Episode Four and a Coastal Wander

Episode Four: An Enemy Tamed

The next stage of Edward’s advance involved pushing North West from Flint through the tangled interior of the Four Cantrefs. These were areas of land division that had formed part of Edward’s territory as Earl of Chester before they were ceded to Llywelyn. But this was perilous ground for a marching army because it was covered in dense woodland, an ideal hideout for those enemy guerrilla soldiers. Determined to avoid attack, Edward sent ahead a hoard of workmen, protected by crossbowmen, to literally cut a swathe through the woods, creating a substantially wide road along which the troops could pass with enough open ground around them to expose any approaching attackers.

In another shrewdly-devised tactic he sent some 2000 soldiers across Conwy Bay and the Menai Straits with the help of ships from the Cinque Ports summoned from the south coast of England, to capture Anglesey. Home to the best arable land in an otherwise unforgiving territory, the island of Anglesey was known as the ‘bread basket of Wales’. We can tell just how vital this fertile land was to the rest of the country from a medieval chronicler, Gerald of Wales, who wrote: “it could supply the whole of Wales with corn over a long period”. And so within days, Llywelyn had lost Anglesey and his food supply for the coming winter, whilst Edward reaped what the island had sown and supplied his army with a veritable feast.

This crippling setback, together with the loss of support from many Welshmen who had quickly surrendered to the vastly superior English army, meant that Llywelyn’s power simply imploded. He was forced to submit and to pay the homage to Edward that he’d so steadfastly avoided. The harsh terms of surrender meant that his principality was depleted, confined to his heartlands in Gwynedd and a few minor lordships, the rest reclaimed for the crown with some reassigned to the treacherous Dafydd. Although he was allowed to retain his prized title of Prince of Wales, the words suddenly took on a hollow ring. Llywelyn had been severely brought to heel. For a while, at least.

And to set his victory in stone, Edward wasted no time in building another new castle…

Quest Update: A Coastal Wander

The last two days have been spent walking between the sites of Edward’s first two castles of the Iron Ring, and it was fascinating to see the landscape and seascape change in both look and character as the miles fell away behind us. And we discovered a few interesting points on the way.

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The Dragon Beacon keeps vigil over the Dee estuary

Yesterday we struck out from Flint and headed along the coast towards the Point of Ayr near the mouth of the Dee estuary. It was a scorcher of a day, so the going was harder than usual, but luckily there was a fair bit of shade en route and a cooling coastal breeze which helped enormously. Besides, you can’t have a real Quest without a bit of hardship. After a few miles we came across a rather beautiful Welsh dragon looking out across the water at a place called Bettisfield. Apparently he was built as a one of a series of three coastal beacons to ward off any would-be invaders. Rather ironic, I couldn’t help thinking, given the purpose of my Quest – they’re a bit late for Edward.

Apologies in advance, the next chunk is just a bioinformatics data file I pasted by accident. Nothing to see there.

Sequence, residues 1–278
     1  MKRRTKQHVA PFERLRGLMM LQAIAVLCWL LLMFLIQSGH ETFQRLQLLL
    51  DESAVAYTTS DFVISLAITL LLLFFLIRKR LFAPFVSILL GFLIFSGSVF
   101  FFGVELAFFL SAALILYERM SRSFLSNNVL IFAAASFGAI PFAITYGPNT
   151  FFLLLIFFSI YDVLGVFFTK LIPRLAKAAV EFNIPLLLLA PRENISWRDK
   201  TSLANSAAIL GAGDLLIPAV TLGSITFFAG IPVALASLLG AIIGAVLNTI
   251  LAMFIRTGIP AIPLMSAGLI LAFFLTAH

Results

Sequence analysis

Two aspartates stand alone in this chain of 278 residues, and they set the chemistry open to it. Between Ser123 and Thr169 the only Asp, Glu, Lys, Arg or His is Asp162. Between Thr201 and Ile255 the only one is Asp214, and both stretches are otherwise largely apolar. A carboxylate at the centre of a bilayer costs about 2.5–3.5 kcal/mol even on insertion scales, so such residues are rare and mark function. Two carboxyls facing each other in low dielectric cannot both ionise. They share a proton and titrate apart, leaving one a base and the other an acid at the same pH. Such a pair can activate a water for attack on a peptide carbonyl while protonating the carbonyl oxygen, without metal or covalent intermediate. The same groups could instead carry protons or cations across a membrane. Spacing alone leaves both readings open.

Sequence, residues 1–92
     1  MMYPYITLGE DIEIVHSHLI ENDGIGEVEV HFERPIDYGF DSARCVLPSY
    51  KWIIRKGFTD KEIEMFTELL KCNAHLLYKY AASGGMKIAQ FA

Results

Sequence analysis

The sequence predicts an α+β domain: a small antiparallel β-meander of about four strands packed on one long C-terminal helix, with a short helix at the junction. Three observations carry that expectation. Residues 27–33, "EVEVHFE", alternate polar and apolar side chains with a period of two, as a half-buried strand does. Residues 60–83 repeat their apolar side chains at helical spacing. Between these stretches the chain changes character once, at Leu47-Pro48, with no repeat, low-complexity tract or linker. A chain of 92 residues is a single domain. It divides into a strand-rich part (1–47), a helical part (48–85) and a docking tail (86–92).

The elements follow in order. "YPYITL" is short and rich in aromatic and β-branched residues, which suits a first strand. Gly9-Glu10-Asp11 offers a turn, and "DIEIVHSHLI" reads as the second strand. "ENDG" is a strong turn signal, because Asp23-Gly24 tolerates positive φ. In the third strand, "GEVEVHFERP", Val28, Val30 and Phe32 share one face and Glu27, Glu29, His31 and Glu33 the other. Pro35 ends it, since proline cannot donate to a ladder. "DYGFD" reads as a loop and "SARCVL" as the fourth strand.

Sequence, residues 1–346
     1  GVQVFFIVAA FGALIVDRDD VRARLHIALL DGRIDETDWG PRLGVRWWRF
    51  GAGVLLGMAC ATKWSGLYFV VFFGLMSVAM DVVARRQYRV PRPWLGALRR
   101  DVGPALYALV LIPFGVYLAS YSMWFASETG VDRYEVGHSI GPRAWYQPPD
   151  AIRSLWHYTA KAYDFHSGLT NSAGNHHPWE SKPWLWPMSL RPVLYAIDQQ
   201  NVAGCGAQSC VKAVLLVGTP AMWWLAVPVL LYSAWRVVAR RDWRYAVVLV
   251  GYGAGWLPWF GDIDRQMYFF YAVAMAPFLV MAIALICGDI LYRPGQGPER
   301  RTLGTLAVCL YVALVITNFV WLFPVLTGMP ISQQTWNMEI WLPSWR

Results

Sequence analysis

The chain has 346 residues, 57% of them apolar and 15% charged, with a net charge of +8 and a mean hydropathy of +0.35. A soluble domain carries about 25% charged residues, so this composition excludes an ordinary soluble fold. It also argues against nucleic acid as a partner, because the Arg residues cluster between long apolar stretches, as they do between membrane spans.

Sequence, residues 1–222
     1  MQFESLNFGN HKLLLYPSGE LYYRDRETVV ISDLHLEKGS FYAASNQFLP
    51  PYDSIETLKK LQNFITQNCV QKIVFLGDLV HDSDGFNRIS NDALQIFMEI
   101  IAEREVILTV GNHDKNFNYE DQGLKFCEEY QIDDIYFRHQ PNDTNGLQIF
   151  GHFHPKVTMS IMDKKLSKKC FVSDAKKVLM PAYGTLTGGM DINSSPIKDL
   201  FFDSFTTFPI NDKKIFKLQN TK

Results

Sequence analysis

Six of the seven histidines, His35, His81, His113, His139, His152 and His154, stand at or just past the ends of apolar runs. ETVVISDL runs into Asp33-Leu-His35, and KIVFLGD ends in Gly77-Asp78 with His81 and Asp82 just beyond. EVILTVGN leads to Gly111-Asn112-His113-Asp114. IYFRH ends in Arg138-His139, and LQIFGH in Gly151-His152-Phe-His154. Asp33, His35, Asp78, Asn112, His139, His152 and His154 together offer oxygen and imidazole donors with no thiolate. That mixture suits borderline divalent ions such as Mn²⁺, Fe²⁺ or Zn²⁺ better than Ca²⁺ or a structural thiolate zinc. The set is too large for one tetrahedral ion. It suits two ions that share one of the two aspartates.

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The Estuary widens towards the sea…

Further along we came across a gigantic retired passenger-ship that appears to have been abandoned in dry dock, which made quite an impact, before we continued along the coastal path to our end point at Talacre beach. At this wild and sandy Point of Ayr, the purple walking boots finally came off and my aching feet recovered in the shallows of the cool sea beside a rather imposing old lighthouse.

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The lonely Duke of Lancaster in permanent dry dock

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A chance to cool off at the Point of Ayr

And today we set off again, mercifully in much cooler conditions this time, leaving the lighthouse behind and walking for miles along the sandy coastline towards Rhyl and the mouth of the river. We even managed to cram in a welcome wine stop at a hotel we passed beside the sea. Then it was on to Rhyl, where the sea opened up before us and mountains loomed in the distant mist.

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Leaving the Lighthouse behind to head for Rhyl…

 

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Approaching Rhyl, where the River Clwyd meets the sea

So come along with me tomorrow as I walk the short remaining distance to the next stop on Edward’s journey of invasion, where we can lose ourselves in the grand and beautiful landmark that is Rhuddlan Castle…

32 thoughts on “Episode Four and a Coastal Wander

  1. “Besides, you can’t have a real Quest without a bit of hardship.” Such an engaging adventure! I am glad it cooled down for you and am excited to read the next chapter of your journey!